Cybersecurity practitioners are convinced they need AI — now comes the hard part

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Like other domains, cybersecurity has been eyeing the promise of artificial intelligence (AI) and machine learning (ML) algorithms for some time.

Even back in 2019, nearly two-thirds of respondents to a Capgemini survey thought AI would ‘help identify critical threats’. Additionally, 73% of Australian organisations believed they would eventually be unable to respond to attacks without the assistance of AI.

Analysis by PwC since then confirms that AI is ‘making organisations more resilient to cybercrime’.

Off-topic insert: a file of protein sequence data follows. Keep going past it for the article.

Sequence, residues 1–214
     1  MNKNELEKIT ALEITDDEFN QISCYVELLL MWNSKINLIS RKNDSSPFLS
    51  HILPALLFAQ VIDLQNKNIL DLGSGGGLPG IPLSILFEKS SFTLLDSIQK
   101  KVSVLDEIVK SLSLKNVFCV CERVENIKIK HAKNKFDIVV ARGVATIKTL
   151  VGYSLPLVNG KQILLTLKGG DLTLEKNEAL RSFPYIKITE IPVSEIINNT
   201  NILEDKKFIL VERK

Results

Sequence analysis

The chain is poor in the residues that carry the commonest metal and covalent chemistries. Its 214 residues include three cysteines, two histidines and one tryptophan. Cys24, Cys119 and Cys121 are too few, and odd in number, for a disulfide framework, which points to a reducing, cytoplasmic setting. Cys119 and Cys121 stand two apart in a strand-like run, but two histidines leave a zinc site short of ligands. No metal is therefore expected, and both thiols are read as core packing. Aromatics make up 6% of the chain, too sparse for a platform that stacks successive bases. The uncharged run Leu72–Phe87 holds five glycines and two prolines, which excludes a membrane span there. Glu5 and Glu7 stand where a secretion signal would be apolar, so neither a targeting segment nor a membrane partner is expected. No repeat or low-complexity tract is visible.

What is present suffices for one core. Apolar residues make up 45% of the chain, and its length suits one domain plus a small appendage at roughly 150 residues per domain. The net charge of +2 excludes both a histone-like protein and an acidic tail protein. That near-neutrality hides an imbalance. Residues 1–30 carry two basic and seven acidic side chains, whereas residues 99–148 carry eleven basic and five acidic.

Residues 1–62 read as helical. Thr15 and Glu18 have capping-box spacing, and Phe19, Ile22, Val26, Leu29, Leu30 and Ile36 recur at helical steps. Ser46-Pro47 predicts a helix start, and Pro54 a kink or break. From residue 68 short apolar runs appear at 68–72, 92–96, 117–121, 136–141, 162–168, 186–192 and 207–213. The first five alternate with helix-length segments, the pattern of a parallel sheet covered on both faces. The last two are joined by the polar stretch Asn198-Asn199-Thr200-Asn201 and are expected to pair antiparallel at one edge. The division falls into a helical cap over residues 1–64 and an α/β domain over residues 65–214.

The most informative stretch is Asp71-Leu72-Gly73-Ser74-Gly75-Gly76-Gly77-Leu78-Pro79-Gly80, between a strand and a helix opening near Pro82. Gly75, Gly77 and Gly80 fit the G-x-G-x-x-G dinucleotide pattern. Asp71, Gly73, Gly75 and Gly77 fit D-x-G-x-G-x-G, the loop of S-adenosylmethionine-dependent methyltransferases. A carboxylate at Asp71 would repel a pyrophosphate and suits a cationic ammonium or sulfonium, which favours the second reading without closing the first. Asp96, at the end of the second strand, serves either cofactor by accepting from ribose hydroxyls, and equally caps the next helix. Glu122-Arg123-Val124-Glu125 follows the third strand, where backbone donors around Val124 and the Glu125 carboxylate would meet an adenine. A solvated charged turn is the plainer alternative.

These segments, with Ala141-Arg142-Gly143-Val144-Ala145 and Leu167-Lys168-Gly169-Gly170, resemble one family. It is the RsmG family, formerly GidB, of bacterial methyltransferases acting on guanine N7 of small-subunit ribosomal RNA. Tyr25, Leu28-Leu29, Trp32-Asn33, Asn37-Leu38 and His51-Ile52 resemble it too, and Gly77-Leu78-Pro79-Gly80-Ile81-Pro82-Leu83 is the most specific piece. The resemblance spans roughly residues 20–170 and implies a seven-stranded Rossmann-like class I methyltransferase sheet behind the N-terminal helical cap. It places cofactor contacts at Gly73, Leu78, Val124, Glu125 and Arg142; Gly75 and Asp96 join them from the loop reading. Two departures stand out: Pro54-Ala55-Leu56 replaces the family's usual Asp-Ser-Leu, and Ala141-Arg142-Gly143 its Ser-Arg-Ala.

There’s been a steady movement for certain cybersecurity functions to harness AI/ML since then. It is now particularly prevalent in malware detection and increasingly for automating analysis and decision-making in data-intensive fields like incident detection and response.

But cybersecurity is also a particularly challenging space for AI/ML use. It’s fast-moving, and the stakes are high. Algorithms put to work in security need themselves to be trustworthy and secure, and this in itself is not easy to solve.

Through our work in this space over the past seven-plus years, some ground rules have emerged. In particular, some keys to success in this space include clean data, a good business case, and the ongoing involvement of domain and technical experts.

Getting these right will solve many of the current challenges and bring cybersecurity functions closer to the AI-augmented operating model they need. Read on:

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